ARod has changed since his Calgary days
* Alex Rodriguez played 32 games with triple-A Calgary in 1994 as an 18-year-old after being demoted by the Seattle Mariners ….
By Kevin Glew
When the Seattle Mariners shipped Alex Rodriguez to the Calgary Cannons on Aug. 2, 1994, the triple-A club’s general manager Gary Arthur trumpeted the young shortstop as the “Mario Lemieux” of the 1993 Major League Baseball amateur draft.
But even this lofty hockey comparison couldn’t convince Calgarians to flock to the 6,000-seat Foothills Stadium to see the 19-year-old phenom. Just 4,519 fans would witness his Stampede City debut, a number only nominally better than the team’s average attendance (4,444) to that point in the campaign.
“Calgary was never much of a baseball market,” said Gyle Konotopetz, the Calgary Herald sportswriter who covered Rodriguez’s tenure with the Cannons. “A-Rod was a pretty good drawing card in other cities, but in Calgary, he didn’t make much of a blip on the scale.”
Yes, before A-Rod was belting homers at a record pace, using steroids or cavorting with strippers in Toronto, he was a fresh-faced, happy-go-lucky teen who would play 32 games with a Canadian squad in 1994.
The Lemieux analogy aside, there wasn’t a lot of hype surrounding the first overall pick’s arrival in Calgary.
“The sports media might have heard something of him, but they certainly didn’t hype him up like they would today,” said John Traub, the Cannons director of media relations at the time and now the general manager of the Pacific Coast League’s Albuquerque Isotopes. “Remember, he was not ‘A-Rod’ then; he was merely ‘Alex.’”
The can’t-miss infielder had landed in Alberta after an unsuccessful big league stint. After initially bypassing triple-A as he rocketed through the Mariners’ chain, Rodriguez had suited up for 17 big league games in July, but hit .204 with 11 singles. His demotion to Calgary was likely a humbling experience for him.
“He was a polite young man,” said Traub, when asked about his first impression of Rodriguez.
“He was very pleasant for a guy who just got sent down,” he said. “He was a nice kid. He wasn’t overly cocky – but a little on the cocky side as one would expect from someone so gifted.”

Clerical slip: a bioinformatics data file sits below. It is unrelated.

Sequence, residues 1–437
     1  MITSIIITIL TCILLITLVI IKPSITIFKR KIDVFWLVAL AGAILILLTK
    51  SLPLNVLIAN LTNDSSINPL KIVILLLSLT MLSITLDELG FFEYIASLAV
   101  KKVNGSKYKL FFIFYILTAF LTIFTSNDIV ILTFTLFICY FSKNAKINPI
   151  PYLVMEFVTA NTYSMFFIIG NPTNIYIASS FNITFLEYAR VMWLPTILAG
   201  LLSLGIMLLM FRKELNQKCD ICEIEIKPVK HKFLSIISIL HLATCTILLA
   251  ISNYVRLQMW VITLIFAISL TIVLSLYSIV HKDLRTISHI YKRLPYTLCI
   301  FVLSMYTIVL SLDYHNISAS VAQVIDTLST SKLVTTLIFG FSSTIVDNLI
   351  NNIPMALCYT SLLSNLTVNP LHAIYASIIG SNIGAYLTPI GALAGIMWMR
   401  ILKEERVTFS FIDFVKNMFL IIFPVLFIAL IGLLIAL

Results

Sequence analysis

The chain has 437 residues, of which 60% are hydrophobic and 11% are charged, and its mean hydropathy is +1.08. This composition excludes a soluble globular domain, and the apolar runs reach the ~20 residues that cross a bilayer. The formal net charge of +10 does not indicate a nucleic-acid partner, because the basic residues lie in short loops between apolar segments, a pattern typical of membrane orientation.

Cannons manager Steve Smith inserted Rodriguez at shortstop and batted him eighth in the future star’s first game with the club on Aug. 4. In his debut, the thin, long-legged, 6-foot-3 prospect would register a single in four at bats in the Cannons’ 14-2 thumping of the Colorado Springs Sky Sox.
For the bulk of his tenure with the Cannons, Rodriguez manned shortstop and hit eighth or ninth in the order.
“That was typical Steve Smith,” said Konotopetz, of A-Rod hitting low in the order. “He didn’t want to put any additional pressure on Alex.”
Despite his uber prospect status, Rodriguez fit in well with his teammates.
“He was a likable guy. He was always smiling,” recalled Konotopetz. “And people liked being around him, which is a little rare for a top prospect in Triple-A.”
One of his Cannons teammates was Dave Brundage, who was a player/coach with Calgary at the time.
“I remember seeing a young man with oodles of talent, but he was struggling an awful lot early on,” recalled Brundage, who now manages the Gwinnett Braves, Atlanta’s triple-A affiliate. “But he always had a strong work ethic and he still does today.”
Rodriguez socked his first homer with the Cannons on Aug. 10 in Calgary’s 11-3 romp over Albuquerque, but it was in a double-header against the Vancouver Canadians on Aug. 27 that Rodriguez really hit his stride.
“I remember Alex hitting two home runs (that day) – and not just two home runs, two majestic shots. They were mammoth home runs,” said Brundage. “After that, I think he really felt like he could do well at that level. He was a different hitter from that point on.”
The home runs would help the Cannons sweep the double-header and temporarily move them into first place. Unfortunately, Vancouver would win both games in a twin bill the following day, initiating a four-game losing skid for the Cannons, which essentially destroyed their playoff hopes.
Rodriguez, however, continued to impress and he was moved into the leadoff spot for games on Sept. 2-3 and he batted third in the season finale. In all, in 32 games with Calgary, Rodriguez hit .311 with six homers and 21 RBIs.
“You could see his talent … but did I think he would hit 600 home runs in the big leagues?” said Brundage. “I’d be lying if I said I thought he’d do that. But I was fortunate to see him when he was 19 years old when the game had humbled him and then I got to watch him come into his own.”
Konotopetz also has fond memories of A-Rod in Calgary.
“He was just a guy with this big smile on his face, and he hardly ever stopped smiling,” he said. “The players loved him, and Smith said he was a treat to manage.”
It’s difficult for Konotopetz to comprehend how Rodriguez has changed since he was a happy-go-lucky teen in Alberta.
“Calgary was affiliated with the Mariners for 10 seasons, and they had so many prospects that came through the city. And a lot of them were so cocky you couldn’t even speak to them,” reflected Konotopetz. “A-Rod was different. He was pretty well grounded. He was down to earth. So I was surprised watching his evolution in the game, as he made more and more money and got the big contract and became a Yankee. It’s actually surprising to me to see how much he has changed. I thought maybe this was the one player who wouldn’t be spoiled by the big contracts and being a superstar.”